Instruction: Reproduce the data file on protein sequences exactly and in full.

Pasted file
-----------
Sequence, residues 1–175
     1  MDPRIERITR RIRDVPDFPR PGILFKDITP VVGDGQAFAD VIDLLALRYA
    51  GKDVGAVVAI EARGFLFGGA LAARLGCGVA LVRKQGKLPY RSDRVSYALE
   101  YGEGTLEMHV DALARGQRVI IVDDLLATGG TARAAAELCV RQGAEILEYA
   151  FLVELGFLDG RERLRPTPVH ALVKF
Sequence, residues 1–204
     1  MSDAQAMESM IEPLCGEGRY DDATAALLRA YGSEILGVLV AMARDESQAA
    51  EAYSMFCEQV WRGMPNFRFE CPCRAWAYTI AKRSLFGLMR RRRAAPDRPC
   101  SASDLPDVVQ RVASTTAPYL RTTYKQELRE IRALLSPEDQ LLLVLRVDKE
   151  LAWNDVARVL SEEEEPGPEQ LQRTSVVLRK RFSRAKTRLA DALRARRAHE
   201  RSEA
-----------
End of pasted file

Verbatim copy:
Sequence, residues 1–175
     1  MDPRIERITR RIRDVPDFPR PGILFKDITP VVGDGQAFAD VIDLLALRYA
    51  GKDVGAVVAI EARGFLFGGA LAARLGCGVA LVRKQGKLPY RSDRVSYALE
   101  YGEGTLEMHV DALARGQRVI IVDDLLATGG TARAAAELCV RQGAEILEYA
   151  FLVELGFLDG RERLRPTPVH ALVKF
Sequence, residues 1–204
     1  MSDAQAMESM IEPLCGEGRY DDATAALLRA YGSEILGVLV AMARDESQAA
    51  EAYSMFCEQV WRGMPNFRFE CPCRAWAYTI AKRSLFGLMR RRRAAPDRPC
   101  SASDLPDVVQ RVASTTAPYL RTTYKQELRE IRALLSPEDQ LLLVLRVDKE
   151  LAWNDVARVL SEEEEPGPEQ LQRTSVVLRK RFSRAKTRLA DALRARRAHE
   201  RSEA